Skip to content
School of Law

From the Dean

This page showcases pieces written by University of Baltimore School of Law Dean Ronald Weich, including op-eds, speeches, position papers and other works of relevance to the legal community. It also includes excerpts from and links to articles in which he is quoted.

 

Dean Weich refutes portrayal of Sen. Edward Kennedy as builder of "Prison America"

In an Aug. 20 article in The Crime Report, Dean Ronald Weich refutes an assertion by Princeton professor Naomi Murakawa that former Sen. Edward Kennedy (D-Mass.) was among the lawmakers responsible for building “Prison America” by enacting harsh federal sentencing laws.

Murakawa is the author of The First Civil Right: How Liberals Built Prison America .

Weich, who served as chief counsel to Kennedy – and, before that, as special counsel to the U.S. Sentencing Commission – takes issue with the subtitle of Murakawa’s book.

“No fair observer of criminal justice policy could conclude that liberals – or conservatives or Democrats or Republicans – bear sole responsibility for the spike in incarceration over the past half century,” Weich wrote. “Rather, these disastrous criminal justice policies were a bipartisan misadventure that reflected the nation’s anger and fear about crime.

Weich noted that every crime bill enacted by Congress in the 1980s and 1990s passed with broad bipartisan majorities and with the support of leaders from both parties. He also noted that the Senate often passed crime bills by unanimous consent.

Weich also says Murakawa’s book fails to take into account the complex, collaborative nature of the legislative process, of which he says Kennedy was a master.

“Yes, [Kennedy] was a lead sponsor of the Sentencing Reform Act, but he did not write the law in a vacuum,” Weich wrote. “The bill’s text is the product of years of negotiations with [Republican Sen. Strom] Thurmond and many other members of the Senate, as well as committee markups and floor debates.”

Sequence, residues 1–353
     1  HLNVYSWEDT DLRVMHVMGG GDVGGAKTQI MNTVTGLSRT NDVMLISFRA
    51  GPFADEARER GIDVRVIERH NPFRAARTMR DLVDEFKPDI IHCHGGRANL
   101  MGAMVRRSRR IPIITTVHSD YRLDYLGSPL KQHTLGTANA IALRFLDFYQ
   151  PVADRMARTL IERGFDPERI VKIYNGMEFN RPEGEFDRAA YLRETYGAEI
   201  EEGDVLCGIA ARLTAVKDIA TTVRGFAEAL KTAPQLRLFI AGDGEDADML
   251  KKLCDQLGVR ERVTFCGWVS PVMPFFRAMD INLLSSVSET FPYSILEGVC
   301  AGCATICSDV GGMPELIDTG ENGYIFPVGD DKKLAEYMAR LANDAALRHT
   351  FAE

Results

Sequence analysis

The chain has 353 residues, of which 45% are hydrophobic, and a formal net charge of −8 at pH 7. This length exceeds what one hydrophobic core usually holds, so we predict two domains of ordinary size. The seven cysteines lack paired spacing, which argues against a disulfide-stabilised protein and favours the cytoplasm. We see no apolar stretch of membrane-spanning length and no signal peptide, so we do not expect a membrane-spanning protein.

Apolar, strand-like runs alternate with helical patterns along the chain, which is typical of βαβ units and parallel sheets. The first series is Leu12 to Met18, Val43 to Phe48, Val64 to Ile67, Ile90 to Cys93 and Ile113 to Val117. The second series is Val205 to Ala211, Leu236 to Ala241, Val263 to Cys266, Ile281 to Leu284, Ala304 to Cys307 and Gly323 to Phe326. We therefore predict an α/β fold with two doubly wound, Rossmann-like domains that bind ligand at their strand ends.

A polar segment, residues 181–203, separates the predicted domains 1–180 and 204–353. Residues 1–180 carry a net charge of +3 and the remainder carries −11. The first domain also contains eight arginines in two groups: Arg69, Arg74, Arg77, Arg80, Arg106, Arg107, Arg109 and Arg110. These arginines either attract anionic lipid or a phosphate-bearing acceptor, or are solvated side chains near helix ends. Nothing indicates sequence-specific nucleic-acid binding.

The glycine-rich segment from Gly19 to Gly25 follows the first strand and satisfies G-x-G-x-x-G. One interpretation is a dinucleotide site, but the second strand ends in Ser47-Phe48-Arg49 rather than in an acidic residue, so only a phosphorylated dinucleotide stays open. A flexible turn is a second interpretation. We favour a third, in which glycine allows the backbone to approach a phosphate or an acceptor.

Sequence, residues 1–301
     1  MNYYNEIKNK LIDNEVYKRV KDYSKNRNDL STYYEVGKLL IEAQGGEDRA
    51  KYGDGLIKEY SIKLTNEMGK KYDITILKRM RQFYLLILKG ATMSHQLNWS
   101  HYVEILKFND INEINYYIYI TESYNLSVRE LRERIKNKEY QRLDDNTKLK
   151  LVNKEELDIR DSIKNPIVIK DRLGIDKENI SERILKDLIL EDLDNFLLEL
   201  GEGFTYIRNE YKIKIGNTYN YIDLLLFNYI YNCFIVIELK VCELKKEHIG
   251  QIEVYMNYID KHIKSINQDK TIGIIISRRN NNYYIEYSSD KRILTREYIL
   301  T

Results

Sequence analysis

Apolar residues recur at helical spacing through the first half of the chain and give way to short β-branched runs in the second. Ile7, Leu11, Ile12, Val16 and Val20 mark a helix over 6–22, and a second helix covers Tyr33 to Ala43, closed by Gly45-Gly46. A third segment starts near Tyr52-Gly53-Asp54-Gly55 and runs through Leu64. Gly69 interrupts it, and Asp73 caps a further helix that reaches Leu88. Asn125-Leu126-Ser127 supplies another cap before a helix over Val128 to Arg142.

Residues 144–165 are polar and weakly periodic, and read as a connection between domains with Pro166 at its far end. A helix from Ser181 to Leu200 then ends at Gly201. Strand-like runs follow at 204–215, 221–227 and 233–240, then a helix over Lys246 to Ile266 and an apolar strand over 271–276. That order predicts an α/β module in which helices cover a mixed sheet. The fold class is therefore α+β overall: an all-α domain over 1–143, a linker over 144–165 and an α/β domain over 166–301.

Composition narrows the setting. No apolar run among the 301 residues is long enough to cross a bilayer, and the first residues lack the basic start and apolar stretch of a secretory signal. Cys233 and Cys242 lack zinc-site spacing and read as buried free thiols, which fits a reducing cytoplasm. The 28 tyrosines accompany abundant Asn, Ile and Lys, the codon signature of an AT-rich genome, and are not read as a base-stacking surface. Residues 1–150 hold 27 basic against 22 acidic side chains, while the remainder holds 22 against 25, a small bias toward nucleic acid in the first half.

Continued Weich: “In all of these efforts Kennedy never lost sight of his progressive ideals. But he recognized that in a legislative body whose rules reward consensus, the only way to advance his goals was to negotiate and compromise with influential members on the other side of the aisle.”

Murakawa also does not adequately emphasize the “huge influence” of the Justice Department in shaping the final law, Weich said: “It is no surprise that a bill first introduced during President Jimmy Carter’s administration became more conservative by the time it was signed into law by President Ronald Reagan.”

 

Dean Weich in The Washington Post on mandatory-minimum sentences

In July 2015, Dean Weich was quoted in a Washington Post story about the human toll of the government’s decades-long war on drugs and on the particular damage done by mandatory-minimum sentences.

Reporter Sari Horwitz‘s article — “From a First Arrest to a Life Sentence: Clemency is the only way out for the thousands of nonviolent drug offenders serving life terms in federal prison” — is the third in a series titled “Unwinding the Drug War.”